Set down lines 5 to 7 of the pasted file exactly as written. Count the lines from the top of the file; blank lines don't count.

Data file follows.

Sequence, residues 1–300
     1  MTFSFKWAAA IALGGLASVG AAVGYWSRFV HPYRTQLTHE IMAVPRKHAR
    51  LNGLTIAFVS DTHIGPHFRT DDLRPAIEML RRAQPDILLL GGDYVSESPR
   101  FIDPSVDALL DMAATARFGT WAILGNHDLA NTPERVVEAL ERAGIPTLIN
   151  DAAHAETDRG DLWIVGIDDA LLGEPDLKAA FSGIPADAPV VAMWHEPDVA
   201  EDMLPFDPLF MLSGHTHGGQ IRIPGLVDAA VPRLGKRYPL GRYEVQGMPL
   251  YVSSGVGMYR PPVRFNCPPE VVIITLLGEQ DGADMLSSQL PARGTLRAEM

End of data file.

   151  DAAHAETDRG DLWIVGIDDA LLGEPDLKAA FSGIPADAPV VAMWHEPDVA
   201  EDMLPFDPLF MLSGHTHGGQ IRIPGLVDAA VPRLGKRYPL GRYEVQGMPL
   251  YVSSGVGMYR PPVRFNCPPE VVIITLLGEQ DGADMLSSQL PARGTLRAEM